The Philadelphia Union faces Lionel Messi’s Inter Miami at Subaru Park

Messi, arguably the greatest male soccer player of all time, has turned around Miami’s form and is helping drive interest in U.S. domestic soccer to a whole new level.

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Philadelphia Union's Julian Carranza (left) and Inter Miami forward Lionel Messi

Philadelphia Union's Julian Carranza (left) and Inter Miami forward Lionel Messi (AP Photo/Fernando Llano and Michael Laughlin)

That long-shot matchup Philadelphia Union fans penciled into their calendars has panned out.

Philly will face global superstar Lionel Messi and Inter Miami in the Leagues Cup semifinal tonight at 7 p.m. at Subaru Park in Chester.

Messi, a FIFA World Cup winner with Argentina and arguably the greatest male player the sport has ever seen, joined Miami in July. Since then, his presence has turned around Miami’s fortunes, and helped massively boost interest in the team and Major League Soccer, even though he has yet to play an MLS game.

Ticket sales for the match were made available at 2 p.m. Saturday. The team announced that the 18,500 capacity stadium had sold out of seats within eight minutes of the launch, and directed people to SeatGeek, the official secondary market. As of 10:30 p.m. Monday, prices were hovering around $217 per ticket.

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On Monday, ESPN reported that the average price of a ticket was $556, the most expensive for a Union match in the team’s history.

The Union announced that it has received a limited allotment of tickets back from MLS, which were made available on the club’s site at 5 p.m. Monday.

Union head coach Jim Curtin has urged Union fans not to sell their tickets to Miami fans.

“We’re talking about the best player of all time coming here, in a semifinal, with a trophy on the line … So it’s a big game,” Curtin said. “ I know our fans are gonna show up. Please don’t sell you tickets, no matter how much money they’re offering for them. Please.”

Apple TV is streaming the game. Subscribers require the additional $14.99-a-month MLS Season Pass.

The Union won its quarterfinal match on Friday night against Mexican club Querétaro 2-1, with Paoli-native Chris Donovan’s goal in the 11th minute of second half stoppage time preventing a penalty shootout.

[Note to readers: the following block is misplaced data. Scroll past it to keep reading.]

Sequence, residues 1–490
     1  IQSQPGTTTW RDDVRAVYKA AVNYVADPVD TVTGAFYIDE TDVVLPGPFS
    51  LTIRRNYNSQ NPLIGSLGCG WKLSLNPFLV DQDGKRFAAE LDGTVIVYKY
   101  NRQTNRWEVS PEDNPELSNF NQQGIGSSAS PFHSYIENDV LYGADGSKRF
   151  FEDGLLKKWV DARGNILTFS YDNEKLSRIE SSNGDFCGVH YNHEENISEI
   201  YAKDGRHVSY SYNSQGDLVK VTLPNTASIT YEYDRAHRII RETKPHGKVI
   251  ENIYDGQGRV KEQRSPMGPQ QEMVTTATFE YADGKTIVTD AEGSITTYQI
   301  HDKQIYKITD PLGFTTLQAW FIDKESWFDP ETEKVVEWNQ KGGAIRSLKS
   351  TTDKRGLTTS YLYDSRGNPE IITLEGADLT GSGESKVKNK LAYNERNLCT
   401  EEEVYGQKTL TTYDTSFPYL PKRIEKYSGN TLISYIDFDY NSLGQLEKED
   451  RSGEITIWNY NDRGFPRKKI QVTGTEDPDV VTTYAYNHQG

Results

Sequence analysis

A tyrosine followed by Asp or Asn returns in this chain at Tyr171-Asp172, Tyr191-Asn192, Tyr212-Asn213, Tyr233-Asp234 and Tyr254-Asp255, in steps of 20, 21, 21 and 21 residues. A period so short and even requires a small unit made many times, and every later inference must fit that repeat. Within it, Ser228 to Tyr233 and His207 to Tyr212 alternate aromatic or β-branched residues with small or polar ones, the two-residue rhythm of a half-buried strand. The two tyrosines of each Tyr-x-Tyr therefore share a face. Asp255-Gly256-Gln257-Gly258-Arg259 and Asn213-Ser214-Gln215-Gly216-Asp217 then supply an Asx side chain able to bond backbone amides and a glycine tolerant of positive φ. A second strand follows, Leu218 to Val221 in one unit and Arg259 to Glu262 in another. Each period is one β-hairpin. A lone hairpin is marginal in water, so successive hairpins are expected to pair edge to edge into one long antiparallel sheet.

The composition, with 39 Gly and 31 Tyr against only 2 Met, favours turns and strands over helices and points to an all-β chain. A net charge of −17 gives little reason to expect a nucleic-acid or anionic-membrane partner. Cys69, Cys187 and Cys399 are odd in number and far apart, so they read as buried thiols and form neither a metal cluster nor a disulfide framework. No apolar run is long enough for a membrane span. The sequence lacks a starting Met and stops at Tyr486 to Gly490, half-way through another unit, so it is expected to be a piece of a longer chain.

Curtin said on Monday that Union midfielder Dániel Gazdag is back to full fitness after a grade 1 (knee) sprain, and will “participate fully” in the match. Team captain Alejandro Bedoya should also be available after the quadriceps injury that has kept him out of the entire tournament, though not for the full 90 minutes.

Argentine forward Julián Carranza could also feature in the match, after the injury that forced him off in the 76th minute of the quarterfinal turned out to be grade 1 hamstring sprain.

“Probably won’t be from the start,” Curtin said about Carranza. “But if he’s around even to take a penalty kick or or run around for a little bit of time without the risk of further injury, we’ll see where that stands.”

Miami’s quarterfinal was much more straightforward; Inter defeated Charlotte FC 4-0, with Messi scoring his eighth goal in five games for his new club.

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Fans were given a brief scare when it was reported that Messi picked up a right ankle injury in training Monday morning, but Miami head coach Gerardo “Tata” Martino said that it should not be an issue, and Messi traveled with Inter to Philly last night.

The newly-revamped Leagues Cup is taking place in the middle of the regular season. It pitted 47 top clubs from the U.S., Canada, and Mexico’s Liga MX in a World Cup style format of group stages then knockout rounds. The prizes include a $40 million pool and places in the Concacaf Champion Cup for the top three.

The semifinal between the two sides would have always been in Chester, since the Union hold a better MLS record than Miami. Miami is currently at the bottom of both the Eastern Conference and Supporters’ Shield standings. Given Inter’s poor form at the time and the fact the Union had already hosted the Herons on June 24, it was a fair assumption that Messi’s first game at Subaru Park would come in 2025.

Since his arrival though, the fortunes of the David Beckham-owned team have reversed, on and off the field. Inter have remained unbeaten since the Argentine began playing, extending its Leagues Cup run. The side’s Instagram following has now eclipsed even the most popular MLB and NFL franchises. Tickets for Miami’s first road game sold out within minutes, and the prices have skyrocketed. Even Apple TV subscriptions have seen a big boost, with Inter co-owner Jorge Mas revealing that subscriptions have doubled since Messi’s arrival.

The Union, never really a team that has built itself on superstar signings, should present Messi with his toughest challenge in the U.S. so far. Subaru Park has been nearly impregnable for visiting sides, with Philadelphia only losing once since 2021. Defensively, Curtin said that one of the main ways to nullify Messi will be to cut off the service he gets from his midfield partner and fellow former Barcelona alum, Sergio Busquets.

“I think like boxing, styles make fights,” Curtin said. “It is two really unique clubs … we have built our club in a different way. It’s maybe not the glitz and glamor of Miami, but we’re more the Philadelphia blue collar and homegrown players, with really experienced international players that are a team and together.”

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